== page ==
The move to online learning has been interesting. As someone who hates staring at a computer screen for too long, this has been a huge adjustment and initially, I was, of course, sceptical. However, as the first term went on, and lectures and seminars online became the new norm, I came to the surprise realisation that I quite like this way of working. That doesn’t mean that it's preferable to in-person learning, but it definitely isn’t nearly as bad as I imagined.
“I found that I spent more time straining to hear, than actually understanding, meaning my work became fragmented”
My lectures are all uploaded for me to watch in my own time, which is very helpful.
They are often uploaded in parts, or on slides, which means that I can pace myself and take breaks when necessary. I can rewind when I miss an important point as well. Seminars are slightly more problematic. Technical difficulties mean that there are always a few students dropping on and off, meaning that they are missing potentially significant points. Living in a house of eight means that there are frequently points where our Wi-Fi is overstretched, and this can be a real issue.
The fact that people can choose to have their cameras off is also limiting. The engagement between participants is more limited. Furthermore, the words ‘we are going into breakout groups’ are universally dreaded, because, at these points, seminars always get somewhat awkward. To begin with, Uni offered some in-person sessions, where we were required to wear masks and visors. I found this very challenging, because not only did the visors steam up, but also the double face protection meant that it became really difficult to hear what everyone was saying. I found that I spent more time straining to hear than actually understanding, meaning my notes became fragmented. Therefore, in the current times, I do find online learning preferable to this.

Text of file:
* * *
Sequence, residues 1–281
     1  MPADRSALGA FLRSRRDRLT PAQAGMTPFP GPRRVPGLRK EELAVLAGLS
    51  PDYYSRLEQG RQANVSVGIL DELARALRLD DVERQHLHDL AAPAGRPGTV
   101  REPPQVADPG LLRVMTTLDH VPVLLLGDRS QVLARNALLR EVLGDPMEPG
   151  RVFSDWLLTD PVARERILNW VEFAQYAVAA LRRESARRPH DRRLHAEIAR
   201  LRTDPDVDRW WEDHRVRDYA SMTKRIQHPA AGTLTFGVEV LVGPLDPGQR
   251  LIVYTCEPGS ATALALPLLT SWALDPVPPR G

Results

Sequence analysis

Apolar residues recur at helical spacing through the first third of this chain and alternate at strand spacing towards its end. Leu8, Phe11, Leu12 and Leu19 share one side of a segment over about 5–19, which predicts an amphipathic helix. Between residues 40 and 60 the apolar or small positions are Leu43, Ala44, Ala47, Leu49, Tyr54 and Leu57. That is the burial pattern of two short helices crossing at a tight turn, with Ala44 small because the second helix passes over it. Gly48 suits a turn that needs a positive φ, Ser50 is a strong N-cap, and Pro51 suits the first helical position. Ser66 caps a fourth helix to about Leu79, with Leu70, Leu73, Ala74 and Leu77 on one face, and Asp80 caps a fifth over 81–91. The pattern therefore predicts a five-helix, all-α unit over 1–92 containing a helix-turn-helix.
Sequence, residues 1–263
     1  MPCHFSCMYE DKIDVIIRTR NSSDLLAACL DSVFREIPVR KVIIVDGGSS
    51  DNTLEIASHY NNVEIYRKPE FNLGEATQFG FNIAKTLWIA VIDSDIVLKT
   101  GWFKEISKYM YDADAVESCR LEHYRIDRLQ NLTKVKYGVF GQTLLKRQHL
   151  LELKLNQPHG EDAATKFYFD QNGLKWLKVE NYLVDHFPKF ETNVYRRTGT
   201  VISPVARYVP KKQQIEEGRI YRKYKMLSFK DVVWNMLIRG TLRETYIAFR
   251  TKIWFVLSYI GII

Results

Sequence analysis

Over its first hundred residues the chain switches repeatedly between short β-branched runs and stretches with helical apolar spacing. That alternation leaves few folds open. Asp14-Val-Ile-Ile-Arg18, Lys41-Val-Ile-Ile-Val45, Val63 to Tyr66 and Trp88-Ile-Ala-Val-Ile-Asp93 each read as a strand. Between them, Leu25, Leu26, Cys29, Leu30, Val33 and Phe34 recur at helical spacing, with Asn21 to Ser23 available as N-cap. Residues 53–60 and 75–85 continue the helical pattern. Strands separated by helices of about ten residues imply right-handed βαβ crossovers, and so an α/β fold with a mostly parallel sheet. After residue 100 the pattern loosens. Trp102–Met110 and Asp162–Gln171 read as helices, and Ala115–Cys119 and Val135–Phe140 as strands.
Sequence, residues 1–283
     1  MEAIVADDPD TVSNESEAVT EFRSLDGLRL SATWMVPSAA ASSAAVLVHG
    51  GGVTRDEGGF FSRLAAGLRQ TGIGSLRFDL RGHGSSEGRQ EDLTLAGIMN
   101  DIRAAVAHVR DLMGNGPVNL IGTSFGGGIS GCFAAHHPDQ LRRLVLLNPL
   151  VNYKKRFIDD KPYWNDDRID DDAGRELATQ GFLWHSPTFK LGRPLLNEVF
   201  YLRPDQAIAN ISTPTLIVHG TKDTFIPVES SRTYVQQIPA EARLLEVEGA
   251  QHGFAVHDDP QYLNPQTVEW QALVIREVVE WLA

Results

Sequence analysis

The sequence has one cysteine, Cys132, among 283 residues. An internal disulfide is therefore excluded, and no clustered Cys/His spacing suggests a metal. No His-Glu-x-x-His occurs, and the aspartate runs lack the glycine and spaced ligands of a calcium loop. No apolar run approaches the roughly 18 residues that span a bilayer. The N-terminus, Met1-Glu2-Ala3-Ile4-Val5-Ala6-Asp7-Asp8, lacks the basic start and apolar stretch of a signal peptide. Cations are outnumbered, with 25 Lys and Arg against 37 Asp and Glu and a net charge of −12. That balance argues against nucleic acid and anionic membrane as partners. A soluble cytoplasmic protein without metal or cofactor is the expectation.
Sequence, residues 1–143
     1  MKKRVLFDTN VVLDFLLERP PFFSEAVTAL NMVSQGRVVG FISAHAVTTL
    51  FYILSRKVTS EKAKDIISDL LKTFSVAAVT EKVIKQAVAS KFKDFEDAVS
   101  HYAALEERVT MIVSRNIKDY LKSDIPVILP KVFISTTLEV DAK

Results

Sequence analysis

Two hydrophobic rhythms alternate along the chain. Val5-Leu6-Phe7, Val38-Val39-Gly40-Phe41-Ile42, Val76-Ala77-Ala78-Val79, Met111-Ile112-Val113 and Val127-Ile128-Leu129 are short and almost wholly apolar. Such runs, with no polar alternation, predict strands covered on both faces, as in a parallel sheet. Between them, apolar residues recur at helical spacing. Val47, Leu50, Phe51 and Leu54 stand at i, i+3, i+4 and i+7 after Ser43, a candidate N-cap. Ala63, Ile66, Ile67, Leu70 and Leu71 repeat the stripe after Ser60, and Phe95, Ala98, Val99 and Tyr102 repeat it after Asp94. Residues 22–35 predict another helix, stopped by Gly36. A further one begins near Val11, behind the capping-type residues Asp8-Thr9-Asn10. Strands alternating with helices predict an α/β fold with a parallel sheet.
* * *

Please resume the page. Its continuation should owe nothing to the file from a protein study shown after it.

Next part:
I have found the shift learning relatively easy (although I appreciate many people haven’t), but I have also taken measures to ensure that it stays this way for me. I create a detailed ‘To-Do List’ at the start of each week so that as I am working at my desk, in front of my computer, I feel like I am achieving something. I invested in a printer, again to reduce some screen time, and I got an audible trial and listened to a couple of my texts that way.
I also started going to the library. As someone who is not a big library attender (I will admit that I only went to the library once in First year), this has been a game-changer, because it means that I break up my day, and work away from home. I move around different libraries and find this very effective. (If libraries aren’t for you, working in different rooms or switching desks with housemates is be a good alternative). I would also recommend the app Forest, which allows you to ‘plant a tree’ for a choice of time, which dies if you leave the app. This has really helped my concentration.
It is of course true that Online Learning is monotonous. The term did seem very long and in the last few weeks, I struggled. You miss the social aspect of meeting people in person and it’s tough on the eyes. But, in summary, if you have a decent routine in place, I do not think learning online is too bad.
My name is Alice O’Rorke, I am 20 years old and am a HYBR ambassador. I am an English Literature student at the University of Bristol, and am passionate about Literature, in particular anything to do with feminism or culture. I love creative writing, and I want to pursue this further; my creative Instagram is @anorangeroom.